Dr. shares memo about vaccines

Editor’s note: The following was written by Dr. Chris Glanton, chief of staff at Peterson Health, to medical staff and is being printed with permission to share with the general public as referenced on Page 1.

Friends and colleagues,

Amidst the fourth surge of COVID-19 I feel it necessary to reach out to thank all of you who are on the front lines of this seemingly never-ending battle. We have seen all too well the toll this is taking on our communities. It is filling up hospitals across the state and the nation and we are increasingly seeing difficulties with transferring patients to higher levels of care, not to mention the nationwide nursing shortages which make treating this disease and our other health problems even more difficult. We all have friends and loved ones who have succumbed to this scourge, and it can feel like there is no light at the end of the tunnel. No one understands the stress you are under. It is straining our healthcare system and your professionalism in the midst of what can seem like overwhelming odds is deserving of our utmost respect.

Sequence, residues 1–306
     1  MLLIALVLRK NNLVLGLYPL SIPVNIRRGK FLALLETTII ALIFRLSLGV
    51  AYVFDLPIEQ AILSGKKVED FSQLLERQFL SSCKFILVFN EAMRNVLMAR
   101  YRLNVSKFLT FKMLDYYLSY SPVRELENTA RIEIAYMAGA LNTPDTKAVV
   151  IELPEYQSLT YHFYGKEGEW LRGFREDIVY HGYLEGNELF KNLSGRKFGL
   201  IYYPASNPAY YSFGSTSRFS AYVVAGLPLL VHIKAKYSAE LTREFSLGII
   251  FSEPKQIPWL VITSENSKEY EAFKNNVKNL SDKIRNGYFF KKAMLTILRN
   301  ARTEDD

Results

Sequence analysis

The nation's current 7-day moving average of daily new cases stands at 133,056, increased 14 percent compared with the previous 7-day moving average.  This moving average is 93.9 percent higher compared to the peak observed on July 20, 2020, which was 68,636 cases.  The current 7-day moving average is 47.6 percent lower than the peak observed on January 10, 2021 (254,108) and is 1042 percent higher than the lowest value observed on June 18, 2021 (11,651).  Based on analysis of specimens collected in the two weeks ending Aug. 14, the CDC estimates the Delta variant accounts for 98.8 percent of all U.S. COVID-19 cases. The Delta variant has been shown to be much more contagious than the original strains we saw in 2020, with an R° of 6 as compared to 2.5 (this means that on average an infected person will spread to 6 people rather than 2.5 people).  As of Aug. 19, 359.6 million vaccine doses have been administered, with 199.9 million people or 60.2 percent of the total U.S. population having received at least one dose of the vaccine and 169.6 million people or 51.1 percent of the total U.S. population having received at least two doses.